Hillary Clinton may not have held a formal news conference in six months, but the press always wants more regardless of what they get, says the Democratic front-runner’s top strategist.
“As a former reporter, I can tell you that I’ve never been in a press corps or heard a press corps that didn’t complain they weren’t getting more of the candidate,” chief strategist and pollster Joel Benenson told CNN’s Chris Cuomo on “New Day.”
Voters, Benenson went on to say, “want to hear from the candidate directly.”
“They love town halls, they love when they’re out there meeting with voters and hear real people asking questions,” Benenson said, adding that “books have been written about the kinds of questions, by the way, that voters ask as opposed to what reporters ask.” One such book, he said, is James Fallows’ 1996 work “Breaking the News.”
“And what they looked at is that voters asked questions that are about their lives and reporters ask questions that are all about the process. And what voters want to hear is the questions that are going to affect them, which candidate is going to do more to make a difference in their lives,” Benenson said. “Because that’s what they’re voting on.”
Benenson’s comments come after Clinton press secretary Brian Fallon told CNN’s Brian Stelter on Sunday’s episode of “Reliable Sources” that there is “no reluctance” on the part of the Clinton campaign to make their candidate available for questions.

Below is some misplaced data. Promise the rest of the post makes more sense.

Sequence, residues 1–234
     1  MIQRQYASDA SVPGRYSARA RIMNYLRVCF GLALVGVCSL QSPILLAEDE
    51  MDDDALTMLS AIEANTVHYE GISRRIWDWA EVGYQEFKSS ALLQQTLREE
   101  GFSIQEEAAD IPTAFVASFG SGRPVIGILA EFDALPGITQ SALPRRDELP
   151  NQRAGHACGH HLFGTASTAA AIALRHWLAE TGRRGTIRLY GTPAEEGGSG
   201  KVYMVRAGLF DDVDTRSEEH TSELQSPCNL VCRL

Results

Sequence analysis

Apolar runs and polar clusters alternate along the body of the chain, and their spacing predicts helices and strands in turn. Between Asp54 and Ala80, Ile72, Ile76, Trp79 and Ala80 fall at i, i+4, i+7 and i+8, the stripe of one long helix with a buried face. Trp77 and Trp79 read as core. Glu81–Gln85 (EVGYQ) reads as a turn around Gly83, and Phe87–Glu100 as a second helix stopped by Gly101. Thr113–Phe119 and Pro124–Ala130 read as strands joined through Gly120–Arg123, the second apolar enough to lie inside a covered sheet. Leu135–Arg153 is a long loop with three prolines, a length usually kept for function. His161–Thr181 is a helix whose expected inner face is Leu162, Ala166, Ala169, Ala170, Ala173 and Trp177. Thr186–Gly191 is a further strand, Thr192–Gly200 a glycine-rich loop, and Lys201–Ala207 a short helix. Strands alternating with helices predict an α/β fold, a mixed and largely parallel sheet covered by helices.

“I think that oftentimes we will do an event at the end of the day. We’ll do an avail, what would be known as an avail to the people in your business, where she informally comes out after an event has concluded, after she’s taken some photos and some selfies, and she’ll literally stand there for 15, 20 minutes and answer questions from her traveling press corps, including the embeds from the various networks,” Fallon said.
“In terms of a definition of calling something an availability versus a press conference, oftentimes it’s just defined by whether you have a banner behind you or a podium in front of you. But the reality, bottom line is she’s answering questions from reporters covering her day to day.”
Reporters covering Clinton’s campaign contested those assertions Sunday, with one pointing out that Clinton’s last informal gaggle with the press came May 9 in Stone Ridge, Virginia, that lasted all of two and a half minutes.